Proactive Leaders Are Essential to a Sustainable, Successful Culture of Quality

CEOs can play a key role in the quality of their organization’s products and services, yet only 60% of respondents to a new ASQ survey say their leaders unequivocally support the quality vision and values—key components of a successful quality culture.

The study, Culture of Quality: Accelerating Growth and Performance in the Enterprise, shares actionable insight from organizations such as Samsung, Boeing and Tata into how a quality-driven culture can accelerate business performance, lead to a competitive advantage and affect the bottom line.

FedEx acknowledged in the study that its Quality Driven Management program, launched in 2008, has resulted in hundreds of millions of dollars saved.

“CEOs and the C-suite tend to receive filtered, big-picture material that has been ‘prettied up’ for management.”

To build a sustainable and successful culture of quality, CEOs need to:

  1. Always Be Accountable. Communicate openly and frequently about quality; and own quality issues through to their resolution.
  2. Have a Will to Win. Set audacious quality and continual improvement goals; and partner to deliver market-defining quality.
  3. Exhibit a Passion for Customers. Advocate for your customers at every opportunity and make them a priority when considering tradeoffs.
  4. Demonstrate a High Level of Capability & Innovation. Demand quality excellence through the business lifecycle; empower others, encourage quality innovation and challenge the status quo.
  5. Develop Your People and Teams. Invest in quality talent, tools and processes; reward and recognize excellence in quality.

The research currently shows a disconnect between how CEOs and quality improvement professionals view their organizations’ pursuit of quality. Seventy-one percent of senior executives surveyed rate their pursuit of quality as world class, among the best in the world or advanced, compared to 40% of quality professionals. Conversely, 59% of quality professionals rate their pursuit of quality as average or below average.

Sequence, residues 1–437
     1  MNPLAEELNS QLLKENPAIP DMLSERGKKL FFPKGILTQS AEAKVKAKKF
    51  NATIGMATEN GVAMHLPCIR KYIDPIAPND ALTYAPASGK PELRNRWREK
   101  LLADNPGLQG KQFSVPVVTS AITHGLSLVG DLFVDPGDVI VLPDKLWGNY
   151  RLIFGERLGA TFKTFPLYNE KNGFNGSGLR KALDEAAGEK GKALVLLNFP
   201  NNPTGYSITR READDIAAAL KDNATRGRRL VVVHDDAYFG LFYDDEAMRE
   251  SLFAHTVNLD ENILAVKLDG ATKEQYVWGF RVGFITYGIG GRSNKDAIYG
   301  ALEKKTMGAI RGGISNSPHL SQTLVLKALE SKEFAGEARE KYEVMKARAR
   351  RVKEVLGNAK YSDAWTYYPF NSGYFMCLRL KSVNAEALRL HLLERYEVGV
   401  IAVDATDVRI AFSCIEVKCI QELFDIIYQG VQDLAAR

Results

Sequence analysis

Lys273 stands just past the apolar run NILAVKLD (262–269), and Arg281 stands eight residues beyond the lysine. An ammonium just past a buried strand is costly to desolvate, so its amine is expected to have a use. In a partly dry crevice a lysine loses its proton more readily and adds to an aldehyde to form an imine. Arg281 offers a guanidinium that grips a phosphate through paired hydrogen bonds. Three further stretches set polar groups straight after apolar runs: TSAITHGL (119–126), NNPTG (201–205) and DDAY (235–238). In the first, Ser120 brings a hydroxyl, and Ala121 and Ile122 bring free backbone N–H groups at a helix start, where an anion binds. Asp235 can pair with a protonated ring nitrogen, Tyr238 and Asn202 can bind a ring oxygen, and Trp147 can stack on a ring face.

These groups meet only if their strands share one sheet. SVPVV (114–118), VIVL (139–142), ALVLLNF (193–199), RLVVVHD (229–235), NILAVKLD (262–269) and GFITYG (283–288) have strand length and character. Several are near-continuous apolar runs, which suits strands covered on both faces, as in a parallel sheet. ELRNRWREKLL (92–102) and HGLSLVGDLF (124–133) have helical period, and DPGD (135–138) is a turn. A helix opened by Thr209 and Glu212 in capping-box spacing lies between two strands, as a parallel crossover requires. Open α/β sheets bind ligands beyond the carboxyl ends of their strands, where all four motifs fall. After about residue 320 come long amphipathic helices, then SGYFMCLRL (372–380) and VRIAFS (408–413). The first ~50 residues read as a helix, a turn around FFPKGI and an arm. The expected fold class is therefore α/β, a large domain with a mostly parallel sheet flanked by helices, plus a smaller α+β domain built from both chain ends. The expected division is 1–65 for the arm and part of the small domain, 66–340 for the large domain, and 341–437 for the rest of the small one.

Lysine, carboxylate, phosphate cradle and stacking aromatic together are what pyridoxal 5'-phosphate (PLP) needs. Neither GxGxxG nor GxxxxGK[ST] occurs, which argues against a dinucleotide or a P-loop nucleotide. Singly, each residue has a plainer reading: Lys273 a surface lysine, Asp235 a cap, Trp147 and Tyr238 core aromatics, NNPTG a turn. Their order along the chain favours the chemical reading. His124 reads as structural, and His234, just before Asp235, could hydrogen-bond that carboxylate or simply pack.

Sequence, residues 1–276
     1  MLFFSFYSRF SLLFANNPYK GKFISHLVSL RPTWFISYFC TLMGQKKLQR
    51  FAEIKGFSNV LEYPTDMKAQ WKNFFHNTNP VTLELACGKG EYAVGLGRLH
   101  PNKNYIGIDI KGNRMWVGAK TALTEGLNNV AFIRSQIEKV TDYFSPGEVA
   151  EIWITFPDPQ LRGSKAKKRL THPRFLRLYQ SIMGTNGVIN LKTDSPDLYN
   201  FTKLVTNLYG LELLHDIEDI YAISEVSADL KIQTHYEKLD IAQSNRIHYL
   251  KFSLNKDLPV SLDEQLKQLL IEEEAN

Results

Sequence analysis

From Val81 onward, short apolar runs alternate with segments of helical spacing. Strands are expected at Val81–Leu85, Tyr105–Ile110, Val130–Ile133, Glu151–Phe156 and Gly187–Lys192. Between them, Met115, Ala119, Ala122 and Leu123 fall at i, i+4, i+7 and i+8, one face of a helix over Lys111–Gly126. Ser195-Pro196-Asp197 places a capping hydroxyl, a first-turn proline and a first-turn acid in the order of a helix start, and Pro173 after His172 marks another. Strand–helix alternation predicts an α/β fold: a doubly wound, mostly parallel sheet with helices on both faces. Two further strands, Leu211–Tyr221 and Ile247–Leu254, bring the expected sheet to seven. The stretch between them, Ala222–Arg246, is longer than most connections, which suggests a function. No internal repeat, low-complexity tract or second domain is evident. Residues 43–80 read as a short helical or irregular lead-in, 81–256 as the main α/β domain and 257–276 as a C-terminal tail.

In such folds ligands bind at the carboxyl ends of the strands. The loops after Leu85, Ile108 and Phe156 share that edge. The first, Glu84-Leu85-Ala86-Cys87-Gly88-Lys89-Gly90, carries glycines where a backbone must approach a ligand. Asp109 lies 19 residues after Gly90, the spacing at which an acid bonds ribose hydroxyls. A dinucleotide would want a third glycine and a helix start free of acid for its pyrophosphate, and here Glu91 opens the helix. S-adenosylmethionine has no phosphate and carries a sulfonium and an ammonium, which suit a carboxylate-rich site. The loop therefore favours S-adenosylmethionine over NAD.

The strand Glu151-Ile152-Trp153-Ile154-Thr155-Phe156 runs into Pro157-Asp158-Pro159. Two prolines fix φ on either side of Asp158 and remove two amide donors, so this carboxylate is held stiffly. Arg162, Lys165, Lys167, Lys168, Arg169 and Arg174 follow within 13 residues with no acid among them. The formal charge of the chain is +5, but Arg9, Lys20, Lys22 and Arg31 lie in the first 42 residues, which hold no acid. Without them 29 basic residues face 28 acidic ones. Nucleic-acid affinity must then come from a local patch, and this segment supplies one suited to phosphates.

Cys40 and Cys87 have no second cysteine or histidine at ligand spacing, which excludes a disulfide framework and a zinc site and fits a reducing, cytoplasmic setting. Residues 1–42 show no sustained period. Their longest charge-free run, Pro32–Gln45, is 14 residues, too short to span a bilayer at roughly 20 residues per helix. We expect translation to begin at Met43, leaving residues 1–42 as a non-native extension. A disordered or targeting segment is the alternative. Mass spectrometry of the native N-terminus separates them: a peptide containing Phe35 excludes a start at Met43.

Additionally, 47% of all respondents say CEOs and senior management lead by example, while 35 percent say CEOs and senior management are involved in quality training and development.

“CEOs and the C-suite tend to receive filtered, big-picture material that has been ‘prettied up’ for management,” said Elizabeth Keim, managing partner at Integrated Quality Resources, a quality-management tools, practices and strategy-focused consultancy. “So when quality improvement projects and results are presented, the ‘dirty secrets’ of the process are often excluded from the short, summary presentations.”  As a result, says Keim, senior executives “often do not realize how badly some of their processes are performing.”

In addition to strong leadership, quality vision and values are critical to a successful quality culture. A quality vision is a clearly articulated business case mandating how the pursuit of quality advances an organization’s objectives. An organization’s values can help individuals at all levels make better and more responsible decisions related to quality.

Sixty percent of respondents say their organization’s quality vision is clearly stated, while an equal amount say their organization’s values are clearly stated. Furthermore, only half of respondents claim their company’s quality vision and values are understood throughout the organization.

How can CEOs sharpen their quality focus?

  • Poll your organization to find out how it is performing. Is there a clear process or are there gaps?
  • Get out of your office. Find something that doesn’t work the way it should and fix it.
  • Integrate accountability into job descriptions so quality is expected.

The value of taking steps to shift an organization toward a more quality-driven culture can be substantial. By incorporating the essential elements of a successful culture of quality, organizations can accelerate growth and performance in their enterprise.

Culture of Quality: Accelerating Growth and Performance in the Enterprise

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